Freezing Fog = Snow?
Well the risk of a very strange phenomenon during the next 24 hours over southern parts of the UK. As it has probably not escaped your attention if you have taken the time to look out of the window this evening, its a bit foggy out there! With the temperature below freezing, what we are in fact witnessing is freezing fog.
Lets start from the beginning. There are two measures of ‘temperature’ at the surface, one is called the air temperature, and thats what we are used to seeing on television forecasts. It is the temperature of the air, very simple. The second measure is called dew point, and this takes into account both humidity and temperature. By definition, it is the temperature at which the air can condense and form water droplets, similar to how clouds form. Fog is formed when the air temperature reaches the temperature of the ‘dew point’. If the dew point is below 0c, and the temperature reaches or even surpasses the dew point, then freezing fog occurs.
Freezing fog itself forms all sorts of very interesting and rather striking formations. As it hits sub zero surfaces (such as cars and trees), the condensed water droplets that make up the fog freeze, and form an icy coating. Depending upon how rapid this freezing is, it can form a very thick frost called ‘rime frost’. However, an even more interesting formation is that of snow.
Its quite simple to visualise. Think of how snow forms higher up in the atmosphere in clouds. Water vapour from the surface rises, cools and condenses into clouds. When a certain humidity is reached – the relative humidity figure given to this point is 100% – the condensed water, formed in this case as snow, becomes too heavy to stay within the clouds, and so falls back to the surface. In the case of freezing fog, this humidity is reached closer to the surface, but the result is the same. The fog reaches a humidity point (100% relative humidity) at which it can no longer hold any more moisture, and so this moisture is released. This is similar to drizzle that sometimes occurs during foggy conditions.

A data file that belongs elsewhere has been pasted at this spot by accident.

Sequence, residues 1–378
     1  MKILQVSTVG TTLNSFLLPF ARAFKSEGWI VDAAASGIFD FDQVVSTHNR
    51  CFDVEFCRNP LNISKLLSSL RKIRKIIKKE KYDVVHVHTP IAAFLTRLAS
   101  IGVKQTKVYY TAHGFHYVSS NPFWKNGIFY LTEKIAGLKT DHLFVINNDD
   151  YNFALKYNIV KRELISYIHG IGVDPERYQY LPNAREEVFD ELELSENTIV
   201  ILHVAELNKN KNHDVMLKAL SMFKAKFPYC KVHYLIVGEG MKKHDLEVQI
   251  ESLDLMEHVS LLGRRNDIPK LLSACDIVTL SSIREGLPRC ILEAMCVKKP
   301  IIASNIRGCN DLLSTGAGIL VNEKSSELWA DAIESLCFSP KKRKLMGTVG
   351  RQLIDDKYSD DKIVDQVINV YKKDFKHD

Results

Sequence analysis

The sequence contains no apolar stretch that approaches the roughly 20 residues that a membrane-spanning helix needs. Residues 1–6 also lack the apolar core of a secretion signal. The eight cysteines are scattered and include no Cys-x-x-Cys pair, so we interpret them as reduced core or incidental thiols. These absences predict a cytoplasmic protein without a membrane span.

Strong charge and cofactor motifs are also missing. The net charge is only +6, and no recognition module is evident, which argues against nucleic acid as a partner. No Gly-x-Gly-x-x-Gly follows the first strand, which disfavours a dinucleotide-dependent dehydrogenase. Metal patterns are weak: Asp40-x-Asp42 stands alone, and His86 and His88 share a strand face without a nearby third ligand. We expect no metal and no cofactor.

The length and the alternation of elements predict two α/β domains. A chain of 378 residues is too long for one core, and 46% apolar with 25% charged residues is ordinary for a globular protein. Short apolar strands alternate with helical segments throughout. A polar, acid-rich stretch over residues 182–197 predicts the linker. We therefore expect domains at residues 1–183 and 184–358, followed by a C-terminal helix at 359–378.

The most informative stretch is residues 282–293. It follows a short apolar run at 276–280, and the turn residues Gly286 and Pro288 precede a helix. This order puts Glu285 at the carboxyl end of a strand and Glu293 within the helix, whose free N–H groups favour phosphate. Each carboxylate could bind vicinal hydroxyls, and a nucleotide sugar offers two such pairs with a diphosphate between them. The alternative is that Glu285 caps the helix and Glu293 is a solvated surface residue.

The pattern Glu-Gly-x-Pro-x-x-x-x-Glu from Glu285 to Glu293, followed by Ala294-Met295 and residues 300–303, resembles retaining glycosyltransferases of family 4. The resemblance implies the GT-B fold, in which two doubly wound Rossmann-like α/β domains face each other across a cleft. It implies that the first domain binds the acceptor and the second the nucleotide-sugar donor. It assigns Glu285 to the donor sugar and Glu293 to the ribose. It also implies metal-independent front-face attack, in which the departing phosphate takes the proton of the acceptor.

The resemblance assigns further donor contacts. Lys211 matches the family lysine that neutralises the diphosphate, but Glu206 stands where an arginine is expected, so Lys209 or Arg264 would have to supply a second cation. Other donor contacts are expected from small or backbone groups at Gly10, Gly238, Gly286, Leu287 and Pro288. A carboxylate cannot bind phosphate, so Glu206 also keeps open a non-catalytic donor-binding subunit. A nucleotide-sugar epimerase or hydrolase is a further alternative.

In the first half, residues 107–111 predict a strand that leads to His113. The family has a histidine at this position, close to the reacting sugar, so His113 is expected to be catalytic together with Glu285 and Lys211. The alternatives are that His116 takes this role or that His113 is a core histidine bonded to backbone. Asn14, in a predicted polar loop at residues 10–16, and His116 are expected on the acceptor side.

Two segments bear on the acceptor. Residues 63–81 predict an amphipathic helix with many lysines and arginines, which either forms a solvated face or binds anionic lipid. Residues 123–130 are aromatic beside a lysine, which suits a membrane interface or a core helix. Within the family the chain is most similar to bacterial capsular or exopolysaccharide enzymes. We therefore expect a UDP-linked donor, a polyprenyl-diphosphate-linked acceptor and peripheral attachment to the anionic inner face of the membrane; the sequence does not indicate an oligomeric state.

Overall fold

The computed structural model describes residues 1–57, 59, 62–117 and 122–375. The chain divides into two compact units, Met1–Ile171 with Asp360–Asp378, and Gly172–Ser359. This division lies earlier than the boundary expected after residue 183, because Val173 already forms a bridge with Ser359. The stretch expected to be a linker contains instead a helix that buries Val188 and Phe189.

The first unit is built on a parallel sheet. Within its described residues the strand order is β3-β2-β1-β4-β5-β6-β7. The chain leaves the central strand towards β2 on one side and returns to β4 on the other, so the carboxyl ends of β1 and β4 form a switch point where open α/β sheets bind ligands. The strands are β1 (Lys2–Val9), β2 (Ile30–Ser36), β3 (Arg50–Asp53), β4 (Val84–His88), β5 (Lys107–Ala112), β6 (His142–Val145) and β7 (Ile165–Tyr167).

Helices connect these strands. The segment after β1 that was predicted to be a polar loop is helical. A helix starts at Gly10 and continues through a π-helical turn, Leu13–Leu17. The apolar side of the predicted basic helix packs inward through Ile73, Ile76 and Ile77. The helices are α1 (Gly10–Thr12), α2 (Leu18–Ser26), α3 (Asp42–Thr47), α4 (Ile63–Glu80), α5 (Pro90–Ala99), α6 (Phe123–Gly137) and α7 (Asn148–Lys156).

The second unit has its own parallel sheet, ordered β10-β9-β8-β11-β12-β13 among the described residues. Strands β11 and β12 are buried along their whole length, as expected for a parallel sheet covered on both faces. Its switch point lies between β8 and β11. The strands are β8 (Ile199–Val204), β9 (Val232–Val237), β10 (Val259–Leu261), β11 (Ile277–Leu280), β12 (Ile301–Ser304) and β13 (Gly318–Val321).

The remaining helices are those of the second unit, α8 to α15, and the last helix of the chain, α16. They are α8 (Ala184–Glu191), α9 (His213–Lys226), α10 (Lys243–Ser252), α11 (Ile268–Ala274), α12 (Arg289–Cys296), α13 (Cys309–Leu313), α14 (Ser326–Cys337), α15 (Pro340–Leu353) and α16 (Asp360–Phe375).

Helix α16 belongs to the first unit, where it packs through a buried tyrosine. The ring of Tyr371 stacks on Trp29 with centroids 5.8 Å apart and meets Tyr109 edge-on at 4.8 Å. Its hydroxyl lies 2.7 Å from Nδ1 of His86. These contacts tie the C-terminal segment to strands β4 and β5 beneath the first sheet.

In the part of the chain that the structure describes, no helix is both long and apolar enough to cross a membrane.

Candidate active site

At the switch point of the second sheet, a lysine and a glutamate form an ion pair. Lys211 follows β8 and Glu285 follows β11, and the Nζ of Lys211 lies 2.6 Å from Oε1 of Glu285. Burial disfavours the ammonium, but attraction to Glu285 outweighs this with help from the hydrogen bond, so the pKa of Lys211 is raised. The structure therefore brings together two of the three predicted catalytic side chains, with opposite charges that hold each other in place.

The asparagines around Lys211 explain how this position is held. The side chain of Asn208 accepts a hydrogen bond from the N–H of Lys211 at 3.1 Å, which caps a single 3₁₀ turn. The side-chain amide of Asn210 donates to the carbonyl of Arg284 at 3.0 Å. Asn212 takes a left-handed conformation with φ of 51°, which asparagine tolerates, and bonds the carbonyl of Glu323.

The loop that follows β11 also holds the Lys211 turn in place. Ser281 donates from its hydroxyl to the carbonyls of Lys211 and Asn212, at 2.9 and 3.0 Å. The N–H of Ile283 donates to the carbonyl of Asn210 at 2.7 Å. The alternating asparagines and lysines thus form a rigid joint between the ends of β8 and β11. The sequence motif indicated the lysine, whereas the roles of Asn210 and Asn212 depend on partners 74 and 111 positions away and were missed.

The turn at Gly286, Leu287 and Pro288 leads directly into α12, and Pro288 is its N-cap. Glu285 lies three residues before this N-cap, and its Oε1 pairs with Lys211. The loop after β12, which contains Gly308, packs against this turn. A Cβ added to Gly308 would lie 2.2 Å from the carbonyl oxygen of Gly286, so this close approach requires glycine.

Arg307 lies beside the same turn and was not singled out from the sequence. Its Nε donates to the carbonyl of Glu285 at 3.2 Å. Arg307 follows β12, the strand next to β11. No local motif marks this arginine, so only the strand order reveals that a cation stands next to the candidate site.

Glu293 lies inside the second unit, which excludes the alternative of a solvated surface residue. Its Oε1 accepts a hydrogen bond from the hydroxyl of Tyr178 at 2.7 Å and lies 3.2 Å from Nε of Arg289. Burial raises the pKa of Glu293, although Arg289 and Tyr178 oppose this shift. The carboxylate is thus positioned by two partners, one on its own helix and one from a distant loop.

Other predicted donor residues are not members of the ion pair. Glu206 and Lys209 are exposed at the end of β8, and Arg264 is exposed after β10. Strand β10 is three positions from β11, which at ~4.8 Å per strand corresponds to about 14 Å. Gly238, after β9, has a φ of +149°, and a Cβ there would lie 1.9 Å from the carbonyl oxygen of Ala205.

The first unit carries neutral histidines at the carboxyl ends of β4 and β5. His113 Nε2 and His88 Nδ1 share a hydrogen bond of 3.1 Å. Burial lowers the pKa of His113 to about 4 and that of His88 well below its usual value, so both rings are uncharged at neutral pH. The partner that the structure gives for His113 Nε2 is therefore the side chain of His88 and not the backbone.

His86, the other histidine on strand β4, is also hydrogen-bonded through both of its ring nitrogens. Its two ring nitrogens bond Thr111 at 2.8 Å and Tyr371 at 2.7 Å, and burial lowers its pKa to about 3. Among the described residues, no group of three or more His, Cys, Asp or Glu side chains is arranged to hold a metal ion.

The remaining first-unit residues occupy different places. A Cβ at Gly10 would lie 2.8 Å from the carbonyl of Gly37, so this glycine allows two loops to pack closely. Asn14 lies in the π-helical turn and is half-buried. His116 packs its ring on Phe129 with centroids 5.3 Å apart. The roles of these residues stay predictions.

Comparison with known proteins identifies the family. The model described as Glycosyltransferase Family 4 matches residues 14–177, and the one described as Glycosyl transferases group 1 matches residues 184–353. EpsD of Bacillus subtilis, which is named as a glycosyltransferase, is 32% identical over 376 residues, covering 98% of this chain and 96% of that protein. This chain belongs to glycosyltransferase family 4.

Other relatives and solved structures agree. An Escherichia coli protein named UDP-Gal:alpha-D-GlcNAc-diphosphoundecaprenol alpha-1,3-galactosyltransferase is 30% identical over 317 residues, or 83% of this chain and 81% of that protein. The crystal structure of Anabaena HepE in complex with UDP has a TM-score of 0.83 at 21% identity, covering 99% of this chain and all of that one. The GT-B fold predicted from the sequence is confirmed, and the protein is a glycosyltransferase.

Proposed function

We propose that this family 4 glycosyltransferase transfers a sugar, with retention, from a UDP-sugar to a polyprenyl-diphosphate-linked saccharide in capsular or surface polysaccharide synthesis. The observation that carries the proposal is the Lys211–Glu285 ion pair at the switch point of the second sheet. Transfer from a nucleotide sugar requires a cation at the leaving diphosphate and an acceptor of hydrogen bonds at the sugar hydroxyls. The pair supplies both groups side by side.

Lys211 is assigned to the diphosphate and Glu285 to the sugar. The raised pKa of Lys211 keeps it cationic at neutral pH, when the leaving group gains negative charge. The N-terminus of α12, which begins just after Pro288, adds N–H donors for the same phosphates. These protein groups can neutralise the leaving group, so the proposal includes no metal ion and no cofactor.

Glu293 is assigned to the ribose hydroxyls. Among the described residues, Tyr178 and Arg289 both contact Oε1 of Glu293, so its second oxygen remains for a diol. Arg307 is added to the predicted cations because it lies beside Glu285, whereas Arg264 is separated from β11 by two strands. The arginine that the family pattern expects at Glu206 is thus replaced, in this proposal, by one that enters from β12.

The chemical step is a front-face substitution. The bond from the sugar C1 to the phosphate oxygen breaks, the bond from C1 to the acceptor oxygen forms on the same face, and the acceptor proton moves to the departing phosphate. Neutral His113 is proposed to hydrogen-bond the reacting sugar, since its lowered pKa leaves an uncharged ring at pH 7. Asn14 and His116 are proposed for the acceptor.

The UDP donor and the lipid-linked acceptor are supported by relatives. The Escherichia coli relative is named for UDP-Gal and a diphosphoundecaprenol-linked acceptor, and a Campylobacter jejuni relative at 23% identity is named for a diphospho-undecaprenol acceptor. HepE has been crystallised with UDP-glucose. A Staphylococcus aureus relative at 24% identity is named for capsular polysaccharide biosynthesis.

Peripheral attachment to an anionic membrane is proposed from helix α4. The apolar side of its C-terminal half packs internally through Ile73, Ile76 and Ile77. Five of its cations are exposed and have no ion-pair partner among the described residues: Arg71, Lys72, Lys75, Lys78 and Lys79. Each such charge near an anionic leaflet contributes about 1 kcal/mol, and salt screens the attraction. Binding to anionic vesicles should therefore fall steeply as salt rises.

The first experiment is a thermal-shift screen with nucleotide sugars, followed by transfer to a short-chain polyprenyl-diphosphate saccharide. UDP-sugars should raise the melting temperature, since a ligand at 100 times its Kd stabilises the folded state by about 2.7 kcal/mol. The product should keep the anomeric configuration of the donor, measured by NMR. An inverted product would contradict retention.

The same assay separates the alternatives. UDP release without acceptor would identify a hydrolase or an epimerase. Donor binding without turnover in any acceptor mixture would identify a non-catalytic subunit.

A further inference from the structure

With the temperature below 0c at present, this drizzle is likely to form as either freezing drizzle, or, more likely during the next 24 hours, light snow, which we call ‘snizzle’. This snizzle can give a light covering of snow in some areas, and so do not be surprised if you wake in the morning to a small covering of snow.
There is an additional risk of light snowfall as the fog starts to lift, and additional condensation takes place as this air rises and cools. This could take place through tomorrow afternoon
And finally as a completely separate risk, there looks to be a small shortwave forming ahead of the low pressure system pushing in at the end of the week. This will push an area of rain/sleet/snow along the English channel. Current modelling suggests some of this precipitation will move along southern counties of England, mostly running to the south of the M4 motorway. However, it would not be out of the question for this to move a little further north, towards Gloucestershire, Oxfordshire and the Home Counties.
After this, Friday looks wet, windy and less cold for most, but with the risk of snowfall remaining for hills across northern England and Scotland, and thats a sign of things to come for some time, with flooding concerns once again into the weekend for western areas.
Forecaster: Kris Surtees